Amazing American dipper swims through winter |

Amazing American dipper swims through winter

Tom Wiesen
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Fishermen see them. Kayakers and rafters see them. Walkers on the recreation path along Gore Creek see them.

American dippers are songbirds of clear, cold and fast-running streams and can be spotted on the edge of the ice or on rocks at water level. Dippers are plump, dark gray and stubby-tailed. They are active little birds, commonly seen bobbing up and down, swimming, diving, frolicking and splashing in the shallows.

The American dipper, also known as the water ouzel, works clean freshwater streams, where invertebrates and insect larvae cover the rocks and crevices on the stream bottoms.

Even though they do not have webbed feet, the dipper’s legs and toes are strong enough for swimming. The bird can also dive down to the bottom in swift currents by propelling itself with its wings as if it were “flying” underwater. It then uses its legs to scramble along the bottom in order to scour the slippery rocks for food.

Dippers are equipped with clear inner eyelids that act like swimming goggles so they can see while foraging underwater.

I once saw a Dipper diving in and out of Gore Creek early one cold morning when it was 10 degrees below zero. How can the bird survive this? Dippers have adapted to cope with icy waters.

First, the dipper has a gland near its tail which produces an oily waterproofing agent, which it spreads liberally on its feathers using its bill. Secondly, the outer feathers that cover its body are carefully arranged in an overlapping pattern similar to shingles on a roof.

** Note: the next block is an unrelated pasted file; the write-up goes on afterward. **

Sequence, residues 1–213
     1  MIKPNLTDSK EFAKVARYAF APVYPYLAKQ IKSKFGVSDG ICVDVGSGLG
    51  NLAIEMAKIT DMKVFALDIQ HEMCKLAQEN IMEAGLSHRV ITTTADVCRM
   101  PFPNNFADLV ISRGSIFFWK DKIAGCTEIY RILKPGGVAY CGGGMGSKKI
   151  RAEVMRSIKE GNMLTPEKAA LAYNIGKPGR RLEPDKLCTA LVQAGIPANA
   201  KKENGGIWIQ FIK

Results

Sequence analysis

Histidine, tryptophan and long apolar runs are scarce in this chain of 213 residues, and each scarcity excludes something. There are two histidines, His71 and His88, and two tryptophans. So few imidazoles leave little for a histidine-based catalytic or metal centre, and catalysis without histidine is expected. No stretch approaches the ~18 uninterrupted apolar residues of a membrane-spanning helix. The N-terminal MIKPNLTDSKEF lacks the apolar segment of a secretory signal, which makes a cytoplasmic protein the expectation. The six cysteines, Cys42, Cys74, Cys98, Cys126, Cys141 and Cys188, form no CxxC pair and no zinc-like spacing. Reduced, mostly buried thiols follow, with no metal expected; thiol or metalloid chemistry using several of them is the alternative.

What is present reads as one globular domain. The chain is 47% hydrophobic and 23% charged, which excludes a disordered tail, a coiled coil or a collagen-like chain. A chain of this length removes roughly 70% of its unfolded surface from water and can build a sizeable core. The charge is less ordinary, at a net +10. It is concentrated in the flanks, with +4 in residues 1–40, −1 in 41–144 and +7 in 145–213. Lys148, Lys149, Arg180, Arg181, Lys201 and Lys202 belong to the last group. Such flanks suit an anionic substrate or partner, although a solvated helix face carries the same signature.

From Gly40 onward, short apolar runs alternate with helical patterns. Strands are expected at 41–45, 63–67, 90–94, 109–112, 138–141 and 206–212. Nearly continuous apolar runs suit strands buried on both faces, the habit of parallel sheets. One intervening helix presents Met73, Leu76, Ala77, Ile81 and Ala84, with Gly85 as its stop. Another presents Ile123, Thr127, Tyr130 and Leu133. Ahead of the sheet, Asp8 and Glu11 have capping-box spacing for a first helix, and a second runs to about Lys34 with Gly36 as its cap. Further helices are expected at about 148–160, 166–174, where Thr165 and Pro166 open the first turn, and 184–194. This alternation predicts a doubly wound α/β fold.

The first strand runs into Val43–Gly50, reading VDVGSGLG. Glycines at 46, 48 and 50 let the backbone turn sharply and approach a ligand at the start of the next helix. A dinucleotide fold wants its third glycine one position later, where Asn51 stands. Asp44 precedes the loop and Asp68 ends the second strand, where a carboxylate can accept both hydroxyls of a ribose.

The dipper also spends a significant amount of its time preening – that is, carefully combing its feathers into the perfect arrangement to shed water. Dippers have super-thick, downy inner-feathers that are highly insulate the birds from cold air and icy waters.

Dippers bob up and down constantly and flash their white eyelids to attract potential mates and communicate with other dippers. They often fly less than a couple of feet off of the surface of the water, flapping their wings quickly, and emitting a fast, high-pitched, buzzing, “chirp, chirp, chirp, chirp, chirp.”

If you are lucky, you can hear the flute-like melodious song of the dipper as it woos its mate on a fine spring day. To rear its young, a dipper builds a camouflaged nest out of moss on an overhanging bank near water level on the river’s edge – or under a bridge.

When watching birds or mammals, ask yourself how this animal makes its living? Most species occupy a specific niche within an ecosystem, so try to recognize what makes a species’ niche unique.

You may also wonder if this animal competes with others for the same food source and How its food source is slightly different from its competitor’s food? The dipper exploits a great niche in that there is an abundant supply of invertebrates and aquatic insects within clean, rushing mountain streams. Many ducks could feed on the same food sources, but dippers are able to work smaller, swifter, shallower streams than ducks. Interestingly, however, the dippers like the same food as trout.

Look for the American dipper the next time you’re near Gore Creek, the Eagle River or the Colorado River. The bridge across the Eagle River, upstream from the U.S. Forest Service station near Minturn, is a great place to see dippers from above and to witness the underwater swimming antics of this songbird of mountain streams.

Tom and Tanya Wiesen are the owners of Trailwise Guides; a year-round Vail Valley guide service specializing in hiking, mountain biking, snowshoeing, cross-country skiing, birding, and wildlife watching tours. Contact Trailwise at 827-5363.

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